Here's why you should have one.
For the first time in several decades, Ford is selling two different Shelby-badged Mustang models at the same time. The Shelby GT500 is by far the more impressive performer with its 5.2-liter supercharged V8 and seven-speed dual-clutch transmissions but in many ways, it isn't our favorite Mustang. That honor goes to the Ford Mustang Shelby GT350, which was the first Mustang to truly bridge the gap between classic American muscle and European sports cars.
With a rev-happy engine, manual transmission, and track-ready handling, the GT350 could quite possibly be among the best driver's cars ever to emerge from the USA. Rumors are circulating that the GT350 might soon be discontinued and even purchasing one new might not be enough to convince Ford to save it. So if we do have to prepare for a world without the GT350 in it, at least used examples are now pretty affordable.
The GT350 was the first Mustang to completely outclass is European and Asian rivals in terms of driving feel. The outgoing Boss 302 got pretty close but the Shelby GT350 took driving pleasure to a new level. It feels raw to drive, like a genuine racecar, while also setting blistering times around a racetrack. Its big brother, the GT500, is even quicker and feels more civilized out on the road. But the GT350's flaws are what makes it feel so special from behind the wheel. It feels so unlike any other Mustang we've ever driven, which is why even the most die-hard Mustang detractor should give it a shot.
A brand-new 2020 Shelby GT350 will set you back $59,140 to start, or $72,135 if you want the high-performance GT350 R version. The least expensive used examples we could find were priced just below $38,000 with around 50,000 miles. We also found a few examples with well under 30,000 miles for less than $40,000. Considering that a brand-new 2020 Mustang GT costs $35,630, it is pretty nice to know that a used GT350 is now in the same price range. GT350 R models are harder to find but we did manage to find a few starting around $45,000.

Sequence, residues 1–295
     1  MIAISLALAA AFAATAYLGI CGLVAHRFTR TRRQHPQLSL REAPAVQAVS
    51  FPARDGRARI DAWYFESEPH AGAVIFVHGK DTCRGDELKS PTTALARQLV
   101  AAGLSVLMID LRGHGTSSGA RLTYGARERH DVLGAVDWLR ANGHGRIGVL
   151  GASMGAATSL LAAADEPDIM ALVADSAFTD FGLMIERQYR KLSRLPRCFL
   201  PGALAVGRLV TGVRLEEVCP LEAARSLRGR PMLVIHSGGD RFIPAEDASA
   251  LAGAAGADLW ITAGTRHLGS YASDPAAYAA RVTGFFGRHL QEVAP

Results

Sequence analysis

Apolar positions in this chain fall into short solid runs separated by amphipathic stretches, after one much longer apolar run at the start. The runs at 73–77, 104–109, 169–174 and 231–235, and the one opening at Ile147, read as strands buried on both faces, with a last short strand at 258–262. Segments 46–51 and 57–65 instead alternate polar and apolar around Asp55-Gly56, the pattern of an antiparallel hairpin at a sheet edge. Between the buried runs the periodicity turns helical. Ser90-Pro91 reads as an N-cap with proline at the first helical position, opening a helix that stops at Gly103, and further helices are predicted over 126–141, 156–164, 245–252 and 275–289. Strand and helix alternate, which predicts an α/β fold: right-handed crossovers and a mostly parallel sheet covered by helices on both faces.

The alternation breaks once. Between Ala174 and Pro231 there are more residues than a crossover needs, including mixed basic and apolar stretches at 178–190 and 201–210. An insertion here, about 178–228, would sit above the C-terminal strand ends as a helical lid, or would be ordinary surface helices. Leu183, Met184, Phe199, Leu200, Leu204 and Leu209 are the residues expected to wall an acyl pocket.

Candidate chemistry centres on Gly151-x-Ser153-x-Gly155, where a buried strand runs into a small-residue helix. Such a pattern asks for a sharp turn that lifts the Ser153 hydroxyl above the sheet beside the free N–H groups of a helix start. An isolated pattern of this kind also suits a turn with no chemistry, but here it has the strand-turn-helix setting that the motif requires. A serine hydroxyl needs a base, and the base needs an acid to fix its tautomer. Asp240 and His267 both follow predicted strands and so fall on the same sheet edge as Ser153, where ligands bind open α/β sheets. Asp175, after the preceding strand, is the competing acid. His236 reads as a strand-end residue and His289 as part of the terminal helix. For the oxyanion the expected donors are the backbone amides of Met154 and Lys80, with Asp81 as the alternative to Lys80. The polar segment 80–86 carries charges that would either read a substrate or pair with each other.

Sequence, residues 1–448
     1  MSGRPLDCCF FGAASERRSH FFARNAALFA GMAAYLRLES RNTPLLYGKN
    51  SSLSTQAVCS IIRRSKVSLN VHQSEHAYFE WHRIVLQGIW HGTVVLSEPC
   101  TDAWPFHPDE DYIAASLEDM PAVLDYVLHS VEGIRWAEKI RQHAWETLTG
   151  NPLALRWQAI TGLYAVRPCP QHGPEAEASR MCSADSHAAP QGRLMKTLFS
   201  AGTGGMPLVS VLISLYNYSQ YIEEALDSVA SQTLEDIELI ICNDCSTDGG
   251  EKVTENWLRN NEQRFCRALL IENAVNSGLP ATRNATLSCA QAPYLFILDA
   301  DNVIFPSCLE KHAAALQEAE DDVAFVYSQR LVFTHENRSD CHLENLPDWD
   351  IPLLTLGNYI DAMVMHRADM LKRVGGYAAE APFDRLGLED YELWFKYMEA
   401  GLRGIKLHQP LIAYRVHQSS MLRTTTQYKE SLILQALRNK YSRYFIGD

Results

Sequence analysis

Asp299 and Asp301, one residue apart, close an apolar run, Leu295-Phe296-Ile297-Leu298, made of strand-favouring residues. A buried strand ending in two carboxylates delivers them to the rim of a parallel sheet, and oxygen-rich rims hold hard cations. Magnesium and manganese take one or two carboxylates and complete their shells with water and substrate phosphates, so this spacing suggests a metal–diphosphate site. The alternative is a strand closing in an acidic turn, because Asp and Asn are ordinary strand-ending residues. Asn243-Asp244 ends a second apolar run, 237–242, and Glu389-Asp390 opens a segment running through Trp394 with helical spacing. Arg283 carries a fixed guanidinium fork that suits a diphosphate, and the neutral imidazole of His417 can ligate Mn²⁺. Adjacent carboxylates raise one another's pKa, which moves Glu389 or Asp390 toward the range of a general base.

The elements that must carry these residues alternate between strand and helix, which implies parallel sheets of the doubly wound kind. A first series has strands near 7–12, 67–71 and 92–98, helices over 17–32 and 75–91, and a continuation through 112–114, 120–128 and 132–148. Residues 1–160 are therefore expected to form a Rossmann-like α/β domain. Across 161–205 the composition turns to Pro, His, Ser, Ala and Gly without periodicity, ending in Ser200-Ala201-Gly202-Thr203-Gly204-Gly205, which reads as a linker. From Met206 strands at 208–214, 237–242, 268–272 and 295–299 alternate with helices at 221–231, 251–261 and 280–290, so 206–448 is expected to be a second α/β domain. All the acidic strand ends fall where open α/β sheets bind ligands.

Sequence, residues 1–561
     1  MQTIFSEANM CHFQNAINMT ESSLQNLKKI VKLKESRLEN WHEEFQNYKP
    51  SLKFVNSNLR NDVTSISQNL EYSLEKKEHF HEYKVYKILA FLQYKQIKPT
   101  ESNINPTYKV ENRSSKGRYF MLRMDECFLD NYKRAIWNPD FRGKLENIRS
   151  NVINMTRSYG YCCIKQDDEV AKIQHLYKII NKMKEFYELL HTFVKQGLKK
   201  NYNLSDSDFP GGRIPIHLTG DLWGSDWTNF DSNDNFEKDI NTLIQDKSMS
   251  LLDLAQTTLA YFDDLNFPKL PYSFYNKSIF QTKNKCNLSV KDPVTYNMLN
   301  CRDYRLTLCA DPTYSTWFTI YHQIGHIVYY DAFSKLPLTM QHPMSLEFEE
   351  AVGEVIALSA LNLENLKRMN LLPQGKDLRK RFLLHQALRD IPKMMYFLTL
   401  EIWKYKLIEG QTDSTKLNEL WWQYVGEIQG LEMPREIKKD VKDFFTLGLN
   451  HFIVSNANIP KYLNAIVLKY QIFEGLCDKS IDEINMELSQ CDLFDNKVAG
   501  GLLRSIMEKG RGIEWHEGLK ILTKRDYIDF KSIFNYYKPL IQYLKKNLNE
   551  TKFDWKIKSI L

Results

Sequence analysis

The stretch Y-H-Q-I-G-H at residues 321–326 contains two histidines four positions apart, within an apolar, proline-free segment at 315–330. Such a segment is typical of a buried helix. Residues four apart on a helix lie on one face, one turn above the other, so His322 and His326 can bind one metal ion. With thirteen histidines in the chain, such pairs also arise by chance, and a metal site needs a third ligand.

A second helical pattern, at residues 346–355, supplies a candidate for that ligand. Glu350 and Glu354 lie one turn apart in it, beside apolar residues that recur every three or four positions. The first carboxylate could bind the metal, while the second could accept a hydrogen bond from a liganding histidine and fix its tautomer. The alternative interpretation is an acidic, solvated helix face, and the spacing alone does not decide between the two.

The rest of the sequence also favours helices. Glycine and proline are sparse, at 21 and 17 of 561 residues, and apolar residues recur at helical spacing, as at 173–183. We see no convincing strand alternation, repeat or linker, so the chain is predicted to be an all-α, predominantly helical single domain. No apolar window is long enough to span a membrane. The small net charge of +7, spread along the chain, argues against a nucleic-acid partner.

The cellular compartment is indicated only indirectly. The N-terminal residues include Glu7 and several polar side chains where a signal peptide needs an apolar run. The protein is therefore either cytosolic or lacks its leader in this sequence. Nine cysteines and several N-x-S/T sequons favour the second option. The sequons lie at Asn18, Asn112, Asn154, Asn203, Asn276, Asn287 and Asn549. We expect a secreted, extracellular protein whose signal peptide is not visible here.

Unlike any other Mustang before or since, the GT350 is powered by a unique flat-plane crank called the Voodoo V8 displacing 5.2-liters. It produces 526 horsepower and 429 pound-feet of torque with a very European-like 8,250-rpm redline. The GT350 screams when pushed past 7,500 rpm - the hood and interior trim shake as if the engine wants to escape. Helping you control the Voodoo is an old-school six-speed manual transmission with no automatic option available. If you can get a good launch, the car hits 60 mph around 4.2 seconds.
Opting for the GT350 R adds wider Michelin Pilot Sport Cup 2 tires, Carbon Revolution carbon fiber wheels, and additional aero bits. It also strips away the rear seats for weight savings. In 2019, Ford updated the car with new suspension, aerodynamics, and bespoke Michelin tires, putting the base GT350 more in-line with the original GT350 R.
Not much stands out on the interior of the GT350 compared to a standard Mustang. There are some Shelby snake badges and a red starter button but overall, it feels mostly the same. The biggest difference is the seats if you opt for the Recaros, which are different than the chairs used on the Mustang GT. We prefer these seats over the GT's Recaros because they are wider and softer.
If Ford does kill off the Shelby GT350, we will mourn its loss because this might be one of the best-driving cars ever built by the Blue Oval. The GT500 is the more impressive car overall but in the most crucial ways, the GT350 is more endearing. The GT350 makes you work harder for the speed and it rewards you more when you do get it just right. For just a bit more than the price of a new Mustang GT, a used GT350 offers buyers tremendous value.